Traditionally, the Greeks have had the lion's share of Holy Land's sacred sites because the Byzantines ruled the country before the Arab conquest. The Roman Catholics gained ground during the Crusades and the Protestants much later. As rivalries flared among the various congregations, the Greeks had the Russians as their patrons; the Roman Catholics had the Pope, France, Spain, etc. The Protestants had Germany, Britain, and the United States. Armenians had no godfather-protector, other than the Armenian amiras in Constantinople.

Despite our weak political position vis-à-vis the other Churches, we defended our turf and didn't give in an inch. To outsiders, to the self-righteous "holier-than-thou" crowd, to those who don't know the history of Jerusalem, the inter-church conflicts seem childish, ridiculous and humiliating. They might change their minds if they learned that inch-for-inch Jerusalem is the most precious real estate on the globe. And Armenians have a large chunk of it. We should be proud of that fact, and be willing to support its continuance.

To get an idea of the importance of Holy Land sacred sites, consider the following fact:
The Crimean War was the result of a fight between Greek vs. Roman Catholic clergy in the Church of Nativity in Bethlehem. The Russians sided with the Greeks; France, Britain, and Savoy sided with the Roman Catholics.
10. Anyone who picks up a book about Jerusalem, anyone who visits Jerusalem is struck by the tremendous presences of Armenians in the city. Although our numbers are not large, our geographic presence is breathtaking. People are impressed by the Armenian might in Jerusalem. We make an impression as a nation. People who confuse us with Albanians or Romanians stop doing so. Millions of people have visited Jerusalem in the past 50 years. I bet every one of them realized that there is a nation called Armenian. This bestows an incalculable prestige to a small-in-numbers nation like ours.
Since I consider the Armenian Quarter of Jerusalem as an unofficial part of Armenia, I would like to see the government in Yerevan lend a helping hand to Armenian Jerusalem.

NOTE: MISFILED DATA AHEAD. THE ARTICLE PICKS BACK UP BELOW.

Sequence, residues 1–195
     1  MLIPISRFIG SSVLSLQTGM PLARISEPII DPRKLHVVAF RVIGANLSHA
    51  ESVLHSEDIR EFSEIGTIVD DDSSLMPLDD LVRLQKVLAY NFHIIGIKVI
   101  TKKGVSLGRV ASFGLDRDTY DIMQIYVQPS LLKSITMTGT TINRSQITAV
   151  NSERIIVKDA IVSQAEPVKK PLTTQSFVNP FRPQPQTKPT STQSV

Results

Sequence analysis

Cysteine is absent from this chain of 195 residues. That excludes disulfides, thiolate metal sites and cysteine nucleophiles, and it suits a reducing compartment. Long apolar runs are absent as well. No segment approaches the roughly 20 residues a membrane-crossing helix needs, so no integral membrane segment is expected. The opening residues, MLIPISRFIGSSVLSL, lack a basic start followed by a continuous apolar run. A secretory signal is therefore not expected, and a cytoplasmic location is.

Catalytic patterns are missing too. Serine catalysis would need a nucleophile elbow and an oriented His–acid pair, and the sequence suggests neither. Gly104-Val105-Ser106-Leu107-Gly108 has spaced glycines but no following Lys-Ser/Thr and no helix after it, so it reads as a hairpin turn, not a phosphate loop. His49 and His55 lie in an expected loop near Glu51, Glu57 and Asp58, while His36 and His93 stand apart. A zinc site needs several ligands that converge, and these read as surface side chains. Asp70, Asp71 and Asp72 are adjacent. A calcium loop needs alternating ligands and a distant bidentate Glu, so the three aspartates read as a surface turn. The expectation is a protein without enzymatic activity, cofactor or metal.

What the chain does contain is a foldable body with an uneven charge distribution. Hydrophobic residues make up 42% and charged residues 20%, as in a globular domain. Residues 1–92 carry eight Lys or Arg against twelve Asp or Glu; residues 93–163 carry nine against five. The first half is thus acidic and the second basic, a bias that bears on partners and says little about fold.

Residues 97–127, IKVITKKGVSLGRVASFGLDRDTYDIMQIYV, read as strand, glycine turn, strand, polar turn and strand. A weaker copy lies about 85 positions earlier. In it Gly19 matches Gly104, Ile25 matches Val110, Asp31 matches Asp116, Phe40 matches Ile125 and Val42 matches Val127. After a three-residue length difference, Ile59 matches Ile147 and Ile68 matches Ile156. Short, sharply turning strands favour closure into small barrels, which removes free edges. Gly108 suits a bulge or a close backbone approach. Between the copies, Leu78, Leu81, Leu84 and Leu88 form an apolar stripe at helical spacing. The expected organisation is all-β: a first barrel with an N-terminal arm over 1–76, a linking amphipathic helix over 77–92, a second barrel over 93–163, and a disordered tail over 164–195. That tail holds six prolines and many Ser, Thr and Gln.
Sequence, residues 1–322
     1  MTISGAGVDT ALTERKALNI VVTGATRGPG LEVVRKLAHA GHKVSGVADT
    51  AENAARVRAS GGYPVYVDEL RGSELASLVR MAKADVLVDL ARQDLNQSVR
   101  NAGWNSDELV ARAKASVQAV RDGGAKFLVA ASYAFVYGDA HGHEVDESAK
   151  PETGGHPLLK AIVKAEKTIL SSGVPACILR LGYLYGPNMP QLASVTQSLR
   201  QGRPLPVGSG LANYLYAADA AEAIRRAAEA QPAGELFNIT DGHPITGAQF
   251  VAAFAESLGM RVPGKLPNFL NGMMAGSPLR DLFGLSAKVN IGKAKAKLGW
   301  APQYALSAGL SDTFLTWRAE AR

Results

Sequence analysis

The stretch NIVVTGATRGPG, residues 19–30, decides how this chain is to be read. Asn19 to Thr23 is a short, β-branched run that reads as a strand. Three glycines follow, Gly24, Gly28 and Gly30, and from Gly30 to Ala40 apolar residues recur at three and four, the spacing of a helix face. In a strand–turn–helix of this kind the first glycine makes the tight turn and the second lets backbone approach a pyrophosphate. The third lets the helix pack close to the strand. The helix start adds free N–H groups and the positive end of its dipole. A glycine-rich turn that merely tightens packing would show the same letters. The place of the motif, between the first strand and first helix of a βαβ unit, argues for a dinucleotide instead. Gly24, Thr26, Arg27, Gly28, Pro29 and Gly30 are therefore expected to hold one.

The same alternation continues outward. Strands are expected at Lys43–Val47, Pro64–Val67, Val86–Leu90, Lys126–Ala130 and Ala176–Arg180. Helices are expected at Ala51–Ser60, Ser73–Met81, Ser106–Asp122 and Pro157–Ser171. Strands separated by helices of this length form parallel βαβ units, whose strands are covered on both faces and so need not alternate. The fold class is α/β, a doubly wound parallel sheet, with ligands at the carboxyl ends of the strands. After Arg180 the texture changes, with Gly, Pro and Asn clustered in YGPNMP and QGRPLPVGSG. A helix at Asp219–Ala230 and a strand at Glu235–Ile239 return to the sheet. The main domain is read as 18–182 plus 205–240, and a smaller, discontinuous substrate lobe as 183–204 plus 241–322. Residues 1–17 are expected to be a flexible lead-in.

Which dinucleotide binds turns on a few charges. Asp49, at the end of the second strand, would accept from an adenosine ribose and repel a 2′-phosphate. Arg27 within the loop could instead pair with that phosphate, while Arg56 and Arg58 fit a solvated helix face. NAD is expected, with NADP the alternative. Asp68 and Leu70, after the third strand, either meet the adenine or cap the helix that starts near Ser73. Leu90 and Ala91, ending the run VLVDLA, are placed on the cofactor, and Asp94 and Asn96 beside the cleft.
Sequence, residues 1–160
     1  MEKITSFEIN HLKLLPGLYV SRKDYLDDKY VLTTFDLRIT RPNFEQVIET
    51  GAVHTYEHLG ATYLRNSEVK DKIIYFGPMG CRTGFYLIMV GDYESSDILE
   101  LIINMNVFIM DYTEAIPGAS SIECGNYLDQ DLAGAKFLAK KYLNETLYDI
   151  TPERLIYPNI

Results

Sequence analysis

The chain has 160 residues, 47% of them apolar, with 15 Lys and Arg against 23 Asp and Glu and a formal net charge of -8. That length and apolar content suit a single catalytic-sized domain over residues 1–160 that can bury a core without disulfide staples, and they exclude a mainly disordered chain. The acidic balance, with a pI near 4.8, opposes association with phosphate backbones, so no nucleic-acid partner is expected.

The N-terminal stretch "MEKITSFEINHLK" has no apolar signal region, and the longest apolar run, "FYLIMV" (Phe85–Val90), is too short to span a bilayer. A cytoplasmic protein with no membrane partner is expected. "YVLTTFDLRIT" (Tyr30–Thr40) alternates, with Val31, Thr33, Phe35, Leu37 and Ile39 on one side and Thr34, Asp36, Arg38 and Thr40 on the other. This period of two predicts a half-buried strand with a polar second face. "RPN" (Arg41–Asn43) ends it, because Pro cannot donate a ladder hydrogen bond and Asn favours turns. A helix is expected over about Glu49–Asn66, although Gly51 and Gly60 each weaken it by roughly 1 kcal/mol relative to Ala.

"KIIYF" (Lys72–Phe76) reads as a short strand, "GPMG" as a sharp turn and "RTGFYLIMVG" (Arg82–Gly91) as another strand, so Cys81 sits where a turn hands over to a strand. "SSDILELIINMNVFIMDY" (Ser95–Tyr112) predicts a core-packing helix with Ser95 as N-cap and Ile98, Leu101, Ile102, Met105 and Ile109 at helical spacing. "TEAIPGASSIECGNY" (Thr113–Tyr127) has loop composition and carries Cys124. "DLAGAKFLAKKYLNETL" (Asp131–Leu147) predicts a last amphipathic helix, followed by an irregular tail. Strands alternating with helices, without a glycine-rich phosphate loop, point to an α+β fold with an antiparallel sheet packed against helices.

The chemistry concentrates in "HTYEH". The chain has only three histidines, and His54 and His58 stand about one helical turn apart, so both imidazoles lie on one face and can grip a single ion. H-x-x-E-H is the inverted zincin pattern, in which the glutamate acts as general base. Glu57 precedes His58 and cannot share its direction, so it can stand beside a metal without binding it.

To review the rest of the discussion please click here  Part II


  1. I have long been interested

    I have long been interested in the Patriarch of Jerusalem. I’ve long wondered why there is the lack of an active communication link to this site. The lack of awareness throughout the diaspora can be a strong reason why we are not solidified in our efforts to support the activites in Jerusalem. And while I am commenting, I must wonder why our brothers at San Lazarro haven’t opened up its portals to the rest of the outside world?

    1. Portals?

      Hi Darwin, what do you mean by

      opened up its portals to the rest of the outside world

  2. The Armenian Church in Jerusalem
    I would like to compliment and thank Jirair Tutunjian for his informative and passionate commentary on the Armenian presence in Jerusalem. He is absolutely correct… this a jewel we must not forget.
    As an active member of the Armenian Church, I know that our diocese has made this issue much more visible to Armenian-Americans. As Christians, there is tremendous identify for Armenians to trace our enlightenment to Christ’s disciples and to have a significant presence for centuries in the very center of Christianity’s birth. I worry at times that we, today in the diaspora, do not always realize the awesome nature of the accomplishments and sacrifices of our forebearers; although we overtly enjoy the fruits of their efforts.

    Thank you for your commitment to raising our consciousness.

    1. The Armenian Church in Jerusalem
      Thank you for your compliment.. A few weeks ago, when Jerusalem-born historian Kevork Hintlian was in Montreal (invited by Bishop Pakrad), he called on all Armenians to show their support for Jerusalem. He stressed that our isolated and tiny community in the Holy Land is in dire need of Diaspora support. Visiting Jerusalem is one way to demonstrate to the Israeli
      authorities and to extremist Palestinians that the Armenian community is not an orphan, drifting with no purpose. I believe Mr. Hintlian called for a program whereby Diaspora Armenians would make organized visits to Jerusalem, offer their valuable knowledge and acumen to the Patriarchate. Doing organized volunteer work for short durations would be another way to assist the Patriarchate and the community.